(1836–1924), Dean of Canterbury. He was educated at Rugby and Brasenose College, Oxford, and ordained in 1862. In 1863 he became a regular contributor to The Times. He was chaplain (1872–80), and then (1880–96) preacher, of Lincoln's Inn; Principal of King's College, London (1883–96); rector of St Michael's, Cornhill (1896–1903); and from 1903 until his death Dean of Canterbury. He was a staunch Evangelical and supporter of the Reformation settlement, an admirer of M. Luther, and equally opposed to the modern methods of ‘higher criticism’ of the Bible and to the High Church attempts at revising the BCP. He was the editor, with W. Smith, of the Dictionary of Christian Biography (4 vols., 1880–6), with P. Schaff of the second series of the Nicene and Post-Nicene Fathers (14 vols., 1890–1900), and with C. A. Buchheim of Luther's Primary Works (1896). His own writings include lectures on The Gospel and its Witnesses (1883), and The Bible and Modern Investigations (1903), as well as numerous articles in newspapers and periodicals.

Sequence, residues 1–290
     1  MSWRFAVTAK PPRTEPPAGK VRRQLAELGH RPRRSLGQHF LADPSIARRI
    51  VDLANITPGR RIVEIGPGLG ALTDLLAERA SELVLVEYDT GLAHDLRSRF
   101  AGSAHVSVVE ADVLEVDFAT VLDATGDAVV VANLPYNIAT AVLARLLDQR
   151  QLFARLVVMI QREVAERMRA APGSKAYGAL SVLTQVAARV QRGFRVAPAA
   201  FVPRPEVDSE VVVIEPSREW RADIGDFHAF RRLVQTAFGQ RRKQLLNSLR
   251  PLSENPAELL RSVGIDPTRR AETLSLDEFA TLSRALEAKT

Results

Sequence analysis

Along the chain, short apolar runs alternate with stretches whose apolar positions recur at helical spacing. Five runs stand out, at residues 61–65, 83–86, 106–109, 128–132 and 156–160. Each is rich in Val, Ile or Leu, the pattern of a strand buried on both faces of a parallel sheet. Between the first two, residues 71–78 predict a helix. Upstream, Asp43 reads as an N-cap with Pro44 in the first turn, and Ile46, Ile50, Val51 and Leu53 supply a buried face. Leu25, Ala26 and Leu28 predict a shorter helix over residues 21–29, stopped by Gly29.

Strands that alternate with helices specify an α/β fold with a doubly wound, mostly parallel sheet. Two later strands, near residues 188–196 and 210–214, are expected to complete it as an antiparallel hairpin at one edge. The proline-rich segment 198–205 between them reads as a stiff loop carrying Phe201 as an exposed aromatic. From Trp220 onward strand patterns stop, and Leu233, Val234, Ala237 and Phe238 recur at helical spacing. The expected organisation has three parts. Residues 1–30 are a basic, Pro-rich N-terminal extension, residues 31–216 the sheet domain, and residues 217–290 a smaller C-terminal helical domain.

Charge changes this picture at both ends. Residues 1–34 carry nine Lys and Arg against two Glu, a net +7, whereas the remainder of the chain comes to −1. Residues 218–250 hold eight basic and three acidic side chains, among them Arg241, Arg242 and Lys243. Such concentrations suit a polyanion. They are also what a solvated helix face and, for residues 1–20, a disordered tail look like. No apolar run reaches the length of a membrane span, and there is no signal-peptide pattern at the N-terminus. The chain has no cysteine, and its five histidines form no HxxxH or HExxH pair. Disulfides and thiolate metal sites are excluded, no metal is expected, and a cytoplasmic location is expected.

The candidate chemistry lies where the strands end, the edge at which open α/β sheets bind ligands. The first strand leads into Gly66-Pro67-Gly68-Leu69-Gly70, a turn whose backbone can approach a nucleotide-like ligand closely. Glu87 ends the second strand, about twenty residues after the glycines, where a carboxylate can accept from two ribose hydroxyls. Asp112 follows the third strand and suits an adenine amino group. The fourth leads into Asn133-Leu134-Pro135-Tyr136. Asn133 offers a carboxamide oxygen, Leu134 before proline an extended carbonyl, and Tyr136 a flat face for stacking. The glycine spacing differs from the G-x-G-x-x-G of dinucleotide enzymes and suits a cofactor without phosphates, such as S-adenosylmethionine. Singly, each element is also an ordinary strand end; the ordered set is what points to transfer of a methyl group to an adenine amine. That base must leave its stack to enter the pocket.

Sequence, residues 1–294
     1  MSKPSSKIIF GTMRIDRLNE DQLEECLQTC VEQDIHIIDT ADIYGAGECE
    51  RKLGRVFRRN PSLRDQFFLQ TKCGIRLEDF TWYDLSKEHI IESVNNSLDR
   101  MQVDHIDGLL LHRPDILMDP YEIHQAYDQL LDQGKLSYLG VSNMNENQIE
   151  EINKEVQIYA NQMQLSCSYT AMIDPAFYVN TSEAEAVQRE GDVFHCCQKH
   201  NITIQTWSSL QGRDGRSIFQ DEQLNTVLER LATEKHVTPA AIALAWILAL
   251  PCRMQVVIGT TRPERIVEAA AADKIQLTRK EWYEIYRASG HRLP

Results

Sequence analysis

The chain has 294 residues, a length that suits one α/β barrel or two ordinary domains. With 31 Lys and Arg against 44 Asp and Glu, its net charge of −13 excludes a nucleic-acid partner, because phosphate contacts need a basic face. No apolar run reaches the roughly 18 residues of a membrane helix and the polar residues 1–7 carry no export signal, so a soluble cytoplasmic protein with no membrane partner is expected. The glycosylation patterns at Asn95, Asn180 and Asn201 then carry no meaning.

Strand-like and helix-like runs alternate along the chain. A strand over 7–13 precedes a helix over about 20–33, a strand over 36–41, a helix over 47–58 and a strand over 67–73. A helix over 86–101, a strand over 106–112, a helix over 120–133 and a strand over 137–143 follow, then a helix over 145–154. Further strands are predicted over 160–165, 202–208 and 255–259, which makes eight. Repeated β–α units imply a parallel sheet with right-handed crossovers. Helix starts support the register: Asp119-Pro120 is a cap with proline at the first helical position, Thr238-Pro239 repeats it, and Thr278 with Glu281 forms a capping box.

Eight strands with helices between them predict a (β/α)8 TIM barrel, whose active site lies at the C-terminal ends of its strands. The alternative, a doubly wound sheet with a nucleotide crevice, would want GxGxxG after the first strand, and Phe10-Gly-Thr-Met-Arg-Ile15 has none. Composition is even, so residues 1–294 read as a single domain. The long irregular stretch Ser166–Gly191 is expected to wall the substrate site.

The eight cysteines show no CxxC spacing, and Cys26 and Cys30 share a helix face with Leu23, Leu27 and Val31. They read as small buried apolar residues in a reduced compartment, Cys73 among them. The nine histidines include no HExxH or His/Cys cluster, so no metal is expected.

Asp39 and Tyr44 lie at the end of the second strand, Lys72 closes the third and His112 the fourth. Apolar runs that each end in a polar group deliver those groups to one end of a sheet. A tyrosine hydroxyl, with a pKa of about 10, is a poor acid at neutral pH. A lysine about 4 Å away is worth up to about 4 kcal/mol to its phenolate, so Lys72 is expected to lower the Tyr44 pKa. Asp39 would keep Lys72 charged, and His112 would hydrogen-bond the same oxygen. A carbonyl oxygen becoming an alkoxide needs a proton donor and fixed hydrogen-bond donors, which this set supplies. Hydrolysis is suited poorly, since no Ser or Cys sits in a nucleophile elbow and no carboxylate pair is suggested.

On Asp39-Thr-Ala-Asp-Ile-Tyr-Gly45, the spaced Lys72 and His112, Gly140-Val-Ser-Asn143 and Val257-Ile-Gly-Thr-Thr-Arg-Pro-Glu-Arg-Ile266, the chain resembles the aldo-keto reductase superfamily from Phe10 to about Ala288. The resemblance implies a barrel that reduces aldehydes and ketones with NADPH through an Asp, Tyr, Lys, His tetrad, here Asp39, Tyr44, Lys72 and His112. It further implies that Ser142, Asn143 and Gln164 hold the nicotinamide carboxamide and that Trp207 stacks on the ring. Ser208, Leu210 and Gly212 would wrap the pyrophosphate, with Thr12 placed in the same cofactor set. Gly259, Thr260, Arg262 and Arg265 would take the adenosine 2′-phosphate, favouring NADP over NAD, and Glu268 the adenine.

From The Oxford Dictionary of the Christian Church in Oxford Reference.